Feminists Shame Emily Ratajkowski for Sticking Up for Melania Trump

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By Emily Zanotti | 1:21 pm, February 17, 2017

Being a woke celebrity is, apparently, a very difficult calling.

Last week, model Emily Ratajkowski called out New York Times reporter Jacob Bernstein for referring to First Lady Melania Trump as a “hooker.” In a series of Tweets, Ratajkowski called Bernstein everything from a sexist to a “slut shamer,” and Bernstein was repirmanded by his newspaper. He later took to Twitter to apologize.

But while Ratajkowski efforts seemed to be in line with a consistent view on feminism (identifiying and speaking out against sexism, regardless of whom its against), feminists were quick to denounce Ratajkowski, because social justice warriors are never satisifed.

While applauding Ratajkowski’s outspoken-ness, Slate‘s feminist XX Blog called the entire incident a “non-troversy,” implying that questions about Melania Trump’s past—even based on accusations the woman herself is challenging as slanderous—were legitimate.  “Calling it out was the best use of Ratajkowski’s energies or platform,” they whined.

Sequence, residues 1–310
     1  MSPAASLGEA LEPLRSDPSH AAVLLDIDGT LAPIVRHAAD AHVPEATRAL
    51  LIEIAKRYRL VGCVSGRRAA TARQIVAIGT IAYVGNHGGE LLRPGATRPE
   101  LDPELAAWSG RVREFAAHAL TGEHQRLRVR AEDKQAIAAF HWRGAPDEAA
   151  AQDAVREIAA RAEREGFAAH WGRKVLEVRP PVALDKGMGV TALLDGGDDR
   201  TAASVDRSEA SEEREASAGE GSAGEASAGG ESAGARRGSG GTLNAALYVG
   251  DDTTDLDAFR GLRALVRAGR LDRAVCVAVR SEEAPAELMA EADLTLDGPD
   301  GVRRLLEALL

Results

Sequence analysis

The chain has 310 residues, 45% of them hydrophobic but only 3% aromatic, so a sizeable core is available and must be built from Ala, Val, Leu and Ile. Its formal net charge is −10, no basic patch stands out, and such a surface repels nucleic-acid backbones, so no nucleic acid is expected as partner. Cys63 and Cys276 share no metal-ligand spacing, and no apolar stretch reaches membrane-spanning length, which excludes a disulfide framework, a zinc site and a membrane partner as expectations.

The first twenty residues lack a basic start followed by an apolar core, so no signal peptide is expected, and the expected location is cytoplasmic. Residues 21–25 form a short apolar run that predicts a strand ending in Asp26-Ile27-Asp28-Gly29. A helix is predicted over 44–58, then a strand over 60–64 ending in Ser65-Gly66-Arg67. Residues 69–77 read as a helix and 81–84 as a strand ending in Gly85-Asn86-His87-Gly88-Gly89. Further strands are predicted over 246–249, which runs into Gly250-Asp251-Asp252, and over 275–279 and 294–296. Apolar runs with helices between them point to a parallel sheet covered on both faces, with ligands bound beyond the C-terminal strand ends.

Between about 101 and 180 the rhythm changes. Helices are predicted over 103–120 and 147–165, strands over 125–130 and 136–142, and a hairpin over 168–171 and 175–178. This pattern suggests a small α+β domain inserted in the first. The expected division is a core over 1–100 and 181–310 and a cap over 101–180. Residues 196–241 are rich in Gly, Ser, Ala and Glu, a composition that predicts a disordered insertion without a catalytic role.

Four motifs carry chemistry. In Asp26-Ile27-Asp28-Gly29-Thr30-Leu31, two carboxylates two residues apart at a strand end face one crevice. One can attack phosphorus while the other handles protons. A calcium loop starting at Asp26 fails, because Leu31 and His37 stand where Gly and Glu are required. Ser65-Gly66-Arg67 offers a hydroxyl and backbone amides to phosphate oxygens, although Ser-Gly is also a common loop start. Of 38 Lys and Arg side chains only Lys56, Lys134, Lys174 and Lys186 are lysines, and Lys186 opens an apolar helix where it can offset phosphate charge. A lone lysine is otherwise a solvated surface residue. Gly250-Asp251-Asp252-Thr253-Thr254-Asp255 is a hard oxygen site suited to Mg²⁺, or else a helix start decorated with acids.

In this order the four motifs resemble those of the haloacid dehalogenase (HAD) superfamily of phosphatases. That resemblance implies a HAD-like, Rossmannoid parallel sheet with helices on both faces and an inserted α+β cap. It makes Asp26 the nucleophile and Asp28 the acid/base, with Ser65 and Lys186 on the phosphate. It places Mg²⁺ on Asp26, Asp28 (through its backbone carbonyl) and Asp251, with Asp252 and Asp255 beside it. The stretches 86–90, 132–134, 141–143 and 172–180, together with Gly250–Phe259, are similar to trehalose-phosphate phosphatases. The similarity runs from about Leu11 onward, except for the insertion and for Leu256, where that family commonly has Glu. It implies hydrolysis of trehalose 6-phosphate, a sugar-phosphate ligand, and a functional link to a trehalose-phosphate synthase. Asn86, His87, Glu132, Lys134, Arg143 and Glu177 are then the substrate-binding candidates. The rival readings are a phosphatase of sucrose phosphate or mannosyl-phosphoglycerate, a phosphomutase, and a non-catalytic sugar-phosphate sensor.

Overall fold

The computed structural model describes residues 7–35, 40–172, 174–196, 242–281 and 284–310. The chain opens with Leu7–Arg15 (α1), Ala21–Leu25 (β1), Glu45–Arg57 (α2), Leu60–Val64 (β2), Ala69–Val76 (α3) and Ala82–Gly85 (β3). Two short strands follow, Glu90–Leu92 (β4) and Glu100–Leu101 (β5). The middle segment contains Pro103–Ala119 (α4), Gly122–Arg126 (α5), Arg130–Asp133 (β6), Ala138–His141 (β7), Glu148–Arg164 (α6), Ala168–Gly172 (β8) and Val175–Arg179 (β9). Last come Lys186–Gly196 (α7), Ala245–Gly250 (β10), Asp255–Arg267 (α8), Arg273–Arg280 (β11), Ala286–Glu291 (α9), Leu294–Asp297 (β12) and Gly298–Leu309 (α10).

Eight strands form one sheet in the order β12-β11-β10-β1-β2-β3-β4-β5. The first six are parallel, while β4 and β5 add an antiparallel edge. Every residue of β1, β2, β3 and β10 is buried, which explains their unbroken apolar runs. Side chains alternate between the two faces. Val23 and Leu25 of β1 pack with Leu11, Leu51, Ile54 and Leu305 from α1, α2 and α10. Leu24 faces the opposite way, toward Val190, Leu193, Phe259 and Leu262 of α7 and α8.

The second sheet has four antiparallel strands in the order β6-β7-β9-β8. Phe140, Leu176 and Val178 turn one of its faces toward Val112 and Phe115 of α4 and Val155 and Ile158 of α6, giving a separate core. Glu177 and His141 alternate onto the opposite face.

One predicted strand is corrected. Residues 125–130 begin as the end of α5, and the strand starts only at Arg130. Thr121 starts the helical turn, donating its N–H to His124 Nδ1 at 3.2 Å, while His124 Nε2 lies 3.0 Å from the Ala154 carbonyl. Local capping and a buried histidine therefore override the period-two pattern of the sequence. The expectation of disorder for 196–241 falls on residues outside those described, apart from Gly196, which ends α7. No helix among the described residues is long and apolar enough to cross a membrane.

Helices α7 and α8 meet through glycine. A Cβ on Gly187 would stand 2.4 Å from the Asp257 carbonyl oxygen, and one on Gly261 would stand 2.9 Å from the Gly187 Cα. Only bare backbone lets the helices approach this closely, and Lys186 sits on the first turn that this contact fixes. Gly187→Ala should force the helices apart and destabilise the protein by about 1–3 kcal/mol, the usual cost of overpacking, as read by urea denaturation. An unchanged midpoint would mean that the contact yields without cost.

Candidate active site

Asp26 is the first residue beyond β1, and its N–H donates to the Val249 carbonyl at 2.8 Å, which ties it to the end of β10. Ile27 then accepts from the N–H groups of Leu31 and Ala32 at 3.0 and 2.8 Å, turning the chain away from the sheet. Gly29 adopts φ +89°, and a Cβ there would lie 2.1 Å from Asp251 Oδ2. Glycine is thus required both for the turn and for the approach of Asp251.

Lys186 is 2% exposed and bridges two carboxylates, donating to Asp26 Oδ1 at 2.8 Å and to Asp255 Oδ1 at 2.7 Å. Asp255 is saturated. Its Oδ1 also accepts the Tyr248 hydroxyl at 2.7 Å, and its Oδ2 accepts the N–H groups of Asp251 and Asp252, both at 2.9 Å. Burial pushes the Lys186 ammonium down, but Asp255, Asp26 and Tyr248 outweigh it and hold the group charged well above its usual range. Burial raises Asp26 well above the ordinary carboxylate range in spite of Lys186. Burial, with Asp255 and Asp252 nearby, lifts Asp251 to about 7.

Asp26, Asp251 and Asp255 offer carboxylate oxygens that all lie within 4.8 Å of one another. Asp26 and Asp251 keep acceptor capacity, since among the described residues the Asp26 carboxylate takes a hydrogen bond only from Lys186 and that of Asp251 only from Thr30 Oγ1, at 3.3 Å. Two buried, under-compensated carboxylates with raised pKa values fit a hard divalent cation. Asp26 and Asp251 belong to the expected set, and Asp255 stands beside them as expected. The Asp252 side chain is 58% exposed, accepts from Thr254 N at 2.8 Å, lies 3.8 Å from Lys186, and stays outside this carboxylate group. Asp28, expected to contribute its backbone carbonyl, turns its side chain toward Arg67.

Supporting the First Lady is a poor use of what should be the unlimited resource of “feminist complaints.” The wife of Donald Trump has never spoken out against the President’s anti-woman policies, Slate says, so she’s fair game as a traitor to woman-kind. She is not worthy of protection because her husband has political ideas that don’t conform to modern feminism’s progressive agenda.

The writers then viciously ripped Ratajkowski apart, taking her to task for being a “woke celebrity,” and expressing what they call everything from “vague” feminist sentiments to “word salad.” Apparently, “celebrity feminism” is only effective when you look lik Lena Dunham as opposed to a Victoria’s Secret model.

They close by imploring women to “take action” rather than take to Twitter. It’s not clear what they mean. But, if Lena Dunham is any indication, it’s probably a seminar on how crystals can wake your inner goddess, followed by a march in a hand-knit hat resembling female genetalia, capped off with a couple of Internet pledges, a Change.org petition, two subversive knitting projects (carefully Instagrammed) and a woke Facebook status with all the appropriate hashtags.

Unless you’re Emily Ratajkowski.